4. Tommy James & the Shondells – “I Think We’re Alone Now” (1967)
  5. The Monkees – “I’m a Believer” (1967)
  6. The Pipkins – “Gimme Dat Ding” (1970)
  7. Reunion – “Life Is a Rock (But Radio Rolled Me)” (1974)
  8. The Foundations – “Build Me Up Buttercup” (1968)
  9. The Cowsills – “The Rain, the Park and Other Things” (1967)
  10. Harpers Bizarre – “59th Street Bridge Song (Feelin’ Groovy)” (1967)
  11. Tommy James & the Shondells – “Mony Mony” (1968)
  12. The McCoys – “Hang on Sloopy” (1965)
  13. Edison Lighthouse – “Love Grows (Where My Rosemary Goes)” (1970)
  14. Vanity Fair – “Hitchin’ a Ride” (1969)
  15. The Archies – “Sugar Sugar” (1969)
  16. Ohio Express – “Chewy, Chewy” (1968)
  17. Michael Jackson – “Rockin’ Robin” (1972)
  18. The Kids from The Brady Bunch – “Candy (Sugar Shoppe)” (1972)
  19. The First Class – “Beach Baby” (1974)
  20. Sweet – “Little Willy” (1972)
  21. The Sugar Bears – “You Are the One” (1971)
  22. Bobby Bloom – “Montego Bay” (1970)
  23. The Jackson 5 – “ABC” (1970)
  24. The Banana Splits – “I Enjoy Being a Boy (In Love with You)” (1969)
  25. The Flying Machine – “Smile a Little Smile for Me” (1969)
  26. Ohio Express – “Yummy Yummy Yummy” (1968)
  27. Tommy Roe – “Dizzy” (1969)
  28. Jefferson – “Baby, Take Me in Your Arms” (1968)
  29. The Fun & Games – “The Grooviest Girl in the World” (1968)
  30. The Rock and Roll Double Bubble Trading Card Company of Philadelphia – “Bubble Gum Music” (1968)
  31. The Partridge Family – “I Think I Love You” (1970)
  32. The Love Affair – “Everlasting Love” (1968)
  33. Sweet – “Wig Wam Bam” (1972)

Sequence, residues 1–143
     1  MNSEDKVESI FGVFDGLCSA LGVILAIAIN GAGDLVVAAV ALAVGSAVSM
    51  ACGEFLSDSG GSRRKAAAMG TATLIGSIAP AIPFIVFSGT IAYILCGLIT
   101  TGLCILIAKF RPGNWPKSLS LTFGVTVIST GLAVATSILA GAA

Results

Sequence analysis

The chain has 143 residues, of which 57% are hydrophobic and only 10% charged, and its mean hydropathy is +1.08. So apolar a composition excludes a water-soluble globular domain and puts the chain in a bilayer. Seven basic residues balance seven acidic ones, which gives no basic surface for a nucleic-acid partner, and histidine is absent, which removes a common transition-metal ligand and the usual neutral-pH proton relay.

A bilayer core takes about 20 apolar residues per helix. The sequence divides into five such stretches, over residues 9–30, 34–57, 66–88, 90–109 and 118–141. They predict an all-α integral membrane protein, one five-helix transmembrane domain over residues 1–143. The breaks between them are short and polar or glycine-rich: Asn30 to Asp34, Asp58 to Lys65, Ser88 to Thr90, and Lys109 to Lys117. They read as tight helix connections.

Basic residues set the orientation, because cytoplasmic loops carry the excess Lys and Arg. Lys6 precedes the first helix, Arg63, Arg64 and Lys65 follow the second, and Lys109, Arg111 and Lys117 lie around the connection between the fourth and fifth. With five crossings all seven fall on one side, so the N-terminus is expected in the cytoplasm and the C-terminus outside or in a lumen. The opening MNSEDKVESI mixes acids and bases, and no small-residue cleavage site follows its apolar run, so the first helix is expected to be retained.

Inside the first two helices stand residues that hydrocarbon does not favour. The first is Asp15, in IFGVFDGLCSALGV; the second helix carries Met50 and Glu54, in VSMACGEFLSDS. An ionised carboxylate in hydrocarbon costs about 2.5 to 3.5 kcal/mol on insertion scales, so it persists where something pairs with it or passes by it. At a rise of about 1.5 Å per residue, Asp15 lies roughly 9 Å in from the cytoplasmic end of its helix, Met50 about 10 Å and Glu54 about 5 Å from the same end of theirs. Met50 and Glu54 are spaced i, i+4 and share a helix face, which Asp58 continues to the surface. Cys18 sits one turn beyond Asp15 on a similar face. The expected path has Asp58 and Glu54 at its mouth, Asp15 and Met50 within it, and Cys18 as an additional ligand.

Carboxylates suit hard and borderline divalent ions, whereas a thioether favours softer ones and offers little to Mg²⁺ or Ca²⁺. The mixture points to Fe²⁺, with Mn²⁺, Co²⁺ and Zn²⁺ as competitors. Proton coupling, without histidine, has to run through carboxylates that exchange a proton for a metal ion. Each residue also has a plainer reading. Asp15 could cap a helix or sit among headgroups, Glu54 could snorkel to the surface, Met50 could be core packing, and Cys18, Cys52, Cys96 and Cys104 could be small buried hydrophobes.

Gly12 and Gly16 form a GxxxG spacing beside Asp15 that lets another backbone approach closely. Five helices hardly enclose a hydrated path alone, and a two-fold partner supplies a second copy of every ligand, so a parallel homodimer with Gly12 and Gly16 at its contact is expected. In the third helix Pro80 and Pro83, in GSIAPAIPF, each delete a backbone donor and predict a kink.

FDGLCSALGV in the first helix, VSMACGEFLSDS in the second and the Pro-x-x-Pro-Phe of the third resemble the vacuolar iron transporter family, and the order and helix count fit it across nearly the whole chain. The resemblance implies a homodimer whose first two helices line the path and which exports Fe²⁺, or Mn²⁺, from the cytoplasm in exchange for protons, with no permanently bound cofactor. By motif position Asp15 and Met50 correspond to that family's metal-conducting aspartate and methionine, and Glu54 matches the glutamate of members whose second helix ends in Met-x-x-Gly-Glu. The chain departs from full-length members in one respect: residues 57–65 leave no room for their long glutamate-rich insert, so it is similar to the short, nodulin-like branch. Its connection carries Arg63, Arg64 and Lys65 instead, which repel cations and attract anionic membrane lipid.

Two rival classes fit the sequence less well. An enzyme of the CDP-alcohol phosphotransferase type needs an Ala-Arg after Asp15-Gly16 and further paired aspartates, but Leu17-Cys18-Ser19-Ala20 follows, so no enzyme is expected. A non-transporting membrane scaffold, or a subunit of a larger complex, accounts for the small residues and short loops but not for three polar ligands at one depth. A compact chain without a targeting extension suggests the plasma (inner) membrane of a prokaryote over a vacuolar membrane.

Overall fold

34. Daddy Dewdrop – “Chick-A-Boom (Don’t Ya Jes’ Love It)” (1971)
  35. Spiral Staircase – “More Today Than Yesterday” (1969)
  36. The DeFranco Family – “Abra-Ca-Dabra” (1973)
  37. The Archies – “Bang-Shang-A-Lang” (1968)
  38. Music Explosion – “Sunshine Games” (1967)
  39. The Lemon Pipers – “Green Tambourine” (1968)
  40. 1910 Fruitgum Company – “Indian Giver” (1969)
  41. The Osmonds – “Yo-Yo” (1972)
  42. The Royal Guardsmen – “Snoopy vs. the Red Baron” (1966)
  43. Dawn – “Knock Three Times” (1970)
  44. The Brotherhood of Man – “United We Stand” (1970)
  45. Michael Jackson – “Ben” (1972)
  46. Bobby Sherman – “Julie Do Ya Love Me” (1970)
  47. Bo Donaldson & the Heywoods – “Billy Don’t Be a Hero” (1974)
  48. Paper Lace – “The Night Chicago Died” (1974)
  49. The Raiders – “Indian Reservation (The Lament of Cherokee Reservation Indian)” (1971)
  50. Terry Jacks – “Seasons in the Sun” (1974)
8.8 banana-splits
The Banana Splits

I sure hope you had a great time reminiscing this much maligned musical genre. Go ahead and don’t be ashamed that you know most of these songs. Personally, I danced to many of these songs at the sock-hops at my dad’s first school where he was principal. Long live Bubblegum Pop!!!

Author: ifmyalbumscouldtalk

I am just a long-time music fan who used to be a high school science teacher and a varsity coach of several high school athletic teams. Before that, I worked as a medical technologist at three hospitals in their labs, mainly as a microbiologist. I am retired/disabled (Failed Back Surgery Syndrome), and this is my attempt to remain a human. Additionally, I am a serious vinyl aficionado, with a CD addiction and a love of reading about rock history. Finally, I am a fan of Prince, Cheap Trick, Tom Petty, R.E.M., Hall & Oates, Springsteen, Paul Weller & his bands and Power Pop music.

4 thoughts on “Just Play Some of That Bubblegum Pop”